The Diaconate: A Life of Service

by Deacon Mike Whitehead

The call to the Permanent Diaconate is centered on one thing –– a ministry of service. Deacons serve the community in many ways, including word, sacrament, charity and pastoral governance. Here are the personal reflections of three of the 32 deacons now serving our diocese.

Deacon Tom Deal:  The Power to Comfort
Jesus the Good Shepherd Parish, Monroe

After I was ordained, it did not take long before I was called to serve at a funeral. The funeral home called and informed me the family of a 33-year-old man killed in a car accident had requested I do a wake service on Friday, as well as a funeral outside of Mass and graveside rite on Saturday.

Although the timing wasn’t the best for me, I couldn’t say no when they told me the young man had been one of my daughter’s classmates at Jesus the Good Shepherd. When I hung up the phone, I began to pray.

I was overwhelmed by three things –– the power of the Holy Spirit to comfort us; the beauty of our funeral rites; and just how families like this, at times like these, need and rely on their faith and their church.

I can’t tell you what I said in my welcome remarks or in my reflection that day at the wake service, or the next day at the funeral, but the family said it was perfect. Here is the point – it wasn’t me, it was the Holy Spirit.

Deacon Bill Kleinpeter: I Claim You for Christ
St. Joseph Parish, Mansfield & St. Ann Church, Stonewall

I had the privilege to officiate at four baptisms this year. The first was at the Sunday Mass, the second and third were two 6-year-old girls and the fourth was at St. Edmund’s in Lafayette. They were all special to me, but the first and fourth were two of my newest granddaughters, born this year.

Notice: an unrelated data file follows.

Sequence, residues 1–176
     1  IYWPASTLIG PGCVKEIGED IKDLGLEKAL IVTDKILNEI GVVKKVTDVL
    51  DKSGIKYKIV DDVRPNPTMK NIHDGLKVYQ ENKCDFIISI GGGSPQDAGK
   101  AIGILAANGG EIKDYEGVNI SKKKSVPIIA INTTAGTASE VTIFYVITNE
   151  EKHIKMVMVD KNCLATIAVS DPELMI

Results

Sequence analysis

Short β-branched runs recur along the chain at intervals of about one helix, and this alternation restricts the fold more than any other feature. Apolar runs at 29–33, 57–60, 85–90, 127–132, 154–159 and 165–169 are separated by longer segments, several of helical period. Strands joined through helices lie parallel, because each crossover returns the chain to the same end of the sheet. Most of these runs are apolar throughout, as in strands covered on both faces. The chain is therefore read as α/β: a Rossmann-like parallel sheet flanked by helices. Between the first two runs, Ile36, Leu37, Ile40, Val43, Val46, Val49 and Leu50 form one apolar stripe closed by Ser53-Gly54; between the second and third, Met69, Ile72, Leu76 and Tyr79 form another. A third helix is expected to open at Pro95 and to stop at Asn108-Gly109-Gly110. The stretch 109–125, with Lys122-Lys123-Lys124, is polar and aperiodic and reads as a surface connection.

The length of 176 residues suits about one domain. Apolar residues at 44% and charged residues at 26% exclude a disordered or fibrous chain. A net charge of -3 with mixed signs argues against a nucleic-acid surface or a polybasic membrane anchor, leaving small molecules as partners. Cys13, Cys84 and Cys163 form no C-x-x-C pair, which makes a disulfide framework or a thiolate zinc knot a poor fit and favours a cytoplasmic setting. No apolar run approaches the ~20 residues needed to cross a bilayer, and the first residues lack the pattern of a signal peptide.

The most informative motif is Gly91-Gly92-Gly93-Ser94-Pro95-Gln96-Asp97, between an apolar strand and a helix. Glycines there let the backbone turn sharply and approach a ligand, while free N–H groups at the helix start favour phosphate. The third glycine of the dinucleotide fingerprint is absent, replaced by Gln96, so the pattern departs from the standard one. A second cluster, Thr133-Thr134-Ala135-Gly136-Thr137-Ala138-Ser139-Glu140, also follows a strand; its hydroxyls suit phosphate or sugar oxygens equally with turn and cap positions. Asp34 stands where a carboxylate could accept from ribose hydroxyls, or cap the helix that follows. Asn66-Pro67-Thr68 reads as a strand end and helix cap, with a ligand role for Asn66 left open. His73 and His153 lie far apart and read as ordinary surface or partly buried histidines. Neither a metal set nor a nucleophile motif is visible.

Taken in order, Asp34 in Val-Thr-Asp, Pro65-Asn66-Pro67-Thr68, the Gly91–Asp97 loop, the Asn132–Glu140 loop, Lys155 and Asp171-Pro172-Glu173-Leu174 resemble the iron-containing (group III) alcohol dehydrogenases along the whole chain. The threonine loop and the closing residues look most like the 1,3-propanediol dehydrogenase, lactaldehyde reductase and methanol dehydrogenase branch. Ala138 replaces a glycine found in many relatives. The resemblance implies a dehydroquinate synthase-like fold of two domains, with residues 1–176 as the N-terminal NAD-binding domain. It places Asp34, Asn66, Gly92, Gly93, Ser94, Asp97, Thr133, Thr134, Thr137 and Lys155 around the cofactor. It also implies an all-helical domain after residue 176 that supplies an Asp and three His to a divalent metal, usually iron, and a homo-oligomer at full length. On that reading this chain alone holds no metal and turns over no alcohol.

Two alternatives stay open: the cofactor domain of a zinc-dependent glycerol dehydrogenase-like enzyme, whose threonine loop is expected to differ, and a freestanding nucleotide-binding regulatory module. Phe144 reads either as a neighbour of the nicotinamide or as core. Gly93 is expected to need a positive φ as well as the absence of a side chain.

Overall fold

After ordination, I began really paying attention to the words that are spoken at Mass and in the sacraments. At Baptism, after the parents and godparents proclaim their willingness of accepting the responsibility of raising the child in his or her faith, the priest or deacon says these awesome words, “My dear children, the Christian community welcomes you with great joy. In its name I claim you for Christ our Savior by the sign of his cross.”

I have discovered during the last few years as a deacon that the words in our liturgy have profound beauty and meaning. I challenge each of us to really pay attention at Mass and the sacraments and I will guarantee that you will increase your understanding and appreciation of the Church’s liturgy.

Deacon Jack Lynch: A Crooked Path Made Straight
St. Elizabeth Ann Seton Parish, Shreveport

In April of this year, I officiated at the wedding of one of my stepdaughters in Texas. Getting her to the altar that spring day was accompanied by a few challenges.

Going to the Engaged Encounter was not a problem, and Sarah’s future husband, Brian, who was raised in a non-denominational church, agreed to be married in the Catholic Church. The next step for them was to go through the Marriage Preparation classes, which they also completed. However, this is where bumps in the road began to occur. The priest who took them through the marriage prep was transferred and also went on sabbatical and could not be reached.

Another priest from another parish had to be contacted in order to complete the paperwork and submit it to the archdiocesan offices in Austin.  A couple of days before the wedding, a package from Austin finally arrived with the necessary documentation. During this time, it was also discovered that Brian did not have a baptismal certificate. So, two weeks before the wedding, Brian attended a church where he was baptized.

The wedding was held at Sacred Heart Church, a historic Czech country church. It was a beautiful ceremony with the groomsmen in their tux tops and blue jeans and the bridesmaids with their lavender chiffon dresses and cowgirl boots.

The Diocese of Shreveport is launching a new formation for Permanent Deacons beginning in September of 2017. For more information on this new formation, please contact Deacon Clary Nash, director, at 318-868-4441, or go to www.dioshpt.org/ministries/permanentdiaconate.

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